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Sunday, June 20, 2021


Join the Wave, make a Splash!

The biennial Global Water Dances is celebrating its tenth year of connecting local and global water issues with a full week of festivities and actions from June 8 to July 13, 2021.

“The community of Durban is suffering from water cut-off from time to time due water loss, we as dance community of Durban took a stand during this hard time of pandemic covid19 by urging our community to save each drop of water. How you going to do this? By reports all water related incident this will help the maintenance of infrastructure and the protection of the environment.,” says Vusi Makhanya of the KwaMashu School of Dance.

Save That Drop is a Site Specific Performance that highlights water conservation, safe water and clean water for all.

KwaMashu School of Dance Theatre with EThekwini Municipality PRC Unit –Libraries & Heritage – Arts & Living Cultures will be leading this conversation at Umbilo Park Durban. Over the years, this park has been neglected and it became the dumping site. “This is the beautiful sanctuary place we are delighted to showcase our performance in and to keep this park a sacred space,” adds Makhanya.

The name is taken from the Umbilo River that flows through Pinetown and Queensburgh via the Umbilo canal and eventually into Natal Bay at Bayhead. Also written as Mbilo, it is of Zulu origin, meaning "boiling".

“Since we started in 2011, more and more people have been coming together to use dance to celebrate the fundamental importance of water in all our lives,” said Artistic Director, Vannia Ibarguen. “In 2019, over 180 sites on every continent except Antarctica streamed their events across the globe. And this year, we’re expecting more than 200 sites to participate.”

The founders of Global Water Dances believed that community-based dance performances could be a powerful non-verbal way to mobilize people to learn about the whole spectrum of water issues and to take action to protect access to safe drinking water. And with the Internet, it was possible to coordinate a sophisticated but inexpensive online production, both live and pre-recorded, that would allow people in all the performance locations to connect with each other.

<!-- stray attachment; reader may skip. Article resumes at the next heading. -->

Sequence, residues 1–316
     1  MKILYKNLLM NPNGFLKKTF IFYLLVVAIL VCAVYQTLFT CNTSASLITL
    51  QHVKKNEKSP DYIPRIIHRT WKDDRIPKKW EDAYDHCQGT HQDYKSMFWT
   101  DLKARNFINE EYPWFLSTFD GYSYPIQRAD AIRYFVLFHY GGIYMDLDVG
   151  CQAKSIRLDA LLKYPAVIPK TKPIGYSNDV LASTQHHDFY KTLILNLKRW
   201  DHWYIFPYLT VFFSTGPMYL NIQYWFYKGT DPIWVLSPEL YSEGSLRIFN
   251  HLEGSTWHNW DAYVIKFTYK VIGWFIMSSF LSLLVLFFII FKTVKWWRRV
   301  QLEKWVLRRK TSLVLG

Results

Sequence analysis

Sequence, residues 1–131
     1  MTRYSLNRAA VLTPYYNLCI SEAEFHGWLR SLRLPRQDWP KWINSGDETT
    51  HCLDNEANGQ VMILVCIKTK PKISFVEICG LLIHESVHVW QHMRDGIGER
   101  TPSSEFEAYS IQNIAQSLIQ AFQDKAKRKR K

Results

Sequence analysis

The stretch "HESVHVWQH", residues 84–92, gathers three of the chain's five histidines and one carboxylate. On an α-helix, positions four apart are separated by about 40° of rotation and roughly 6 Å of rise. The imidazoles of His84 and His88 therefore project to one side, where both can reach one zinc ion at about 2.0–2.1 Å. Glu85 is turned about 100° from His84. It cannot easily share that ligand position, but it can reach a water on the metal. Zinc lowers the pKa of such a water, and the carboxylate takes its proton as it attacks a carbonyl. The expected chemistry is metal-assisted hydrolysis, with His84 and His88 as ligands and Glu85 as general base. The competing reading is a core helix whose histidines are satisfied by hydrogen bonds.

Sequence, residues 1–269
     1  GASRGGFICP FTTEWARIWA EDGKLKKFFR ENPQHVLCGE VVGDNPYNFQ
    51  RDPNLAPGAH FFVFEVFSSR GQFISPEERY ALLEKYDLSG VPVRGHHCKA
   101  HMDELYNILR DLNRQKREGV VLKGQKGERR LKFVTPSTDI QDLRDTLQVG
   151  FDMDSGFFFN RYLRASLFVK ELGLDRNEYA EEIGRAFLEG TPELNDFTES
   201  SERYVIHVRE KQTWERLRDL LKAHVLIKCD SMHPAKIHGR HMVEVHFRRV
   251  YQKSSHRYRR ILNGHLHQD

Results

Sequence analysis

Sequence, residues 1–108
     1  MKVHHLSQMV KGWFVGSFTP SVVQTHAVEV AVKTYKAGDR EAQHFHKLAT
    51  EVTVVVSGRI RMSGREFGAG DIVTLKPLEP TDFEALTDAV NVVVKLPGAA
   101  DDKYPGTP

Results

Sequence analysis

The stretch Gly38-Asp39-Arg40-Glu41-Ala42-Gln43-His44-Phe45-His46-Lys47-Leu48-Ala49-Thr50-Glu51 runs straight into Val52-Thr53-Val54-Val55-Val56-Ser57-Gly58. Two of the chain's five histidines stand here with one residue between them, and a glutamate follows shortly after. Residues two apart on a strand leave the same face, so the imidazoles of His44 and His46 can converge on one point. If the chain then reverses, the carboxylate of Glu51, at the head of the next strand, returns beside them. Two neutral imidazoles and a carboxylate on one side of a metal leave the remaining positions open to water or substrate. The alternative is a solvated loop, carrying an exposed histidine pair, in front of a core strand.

“We have been so moved by the enthusiasm of so many to dance together and to share the stories of their local efforts to secure clean water for everyone, everywhere,” said Ibarguen. “We never could have predicted the commitment of the global dance communities to becoming a voice for agency and change that we see happening now.”

The organizers decided to extend the event from a single day to open the way for more people to participate, and to offer more options to connect. The first day, June 8, will kick things off with a Splash Mob, a one-minute choreographed dance that can be done individually or with a group and posted to social media. The next three days will feature online films of local-issue water dances, past and current. On Saturday, local groups will be performing a dance using the same choreography and sharing the results online. And on the final day, there will be two opportunities for participants to do synchronous sharing of the Global Dance choreography via video conference by using Zoom.

Global Water Dances has released a special half-hour long documentary featuring interviews with three of the founders together with video excerpts from dance performances from the last 10 years, ranging from Johannesburg to Bogota to Paris. The documentary is available on the Global Water Dances Youtube Channel @GlobalWaterDances or use direct link

Global Water Dances is housed at the Laban/Bartenieff Institute of Movement Studies (LIMS) in New York City. LIMS’ international network of dancers and choreographers is aspiring to cultivate a new generation of socially-aware artists, who use dance to actively care for our planet and people. Dance is a powerful channel that connects human beings and makes visible what is invisible. Participating in a Global Water Dances event near you contributes to building communities of movement enthusiasts and water advocates around the world.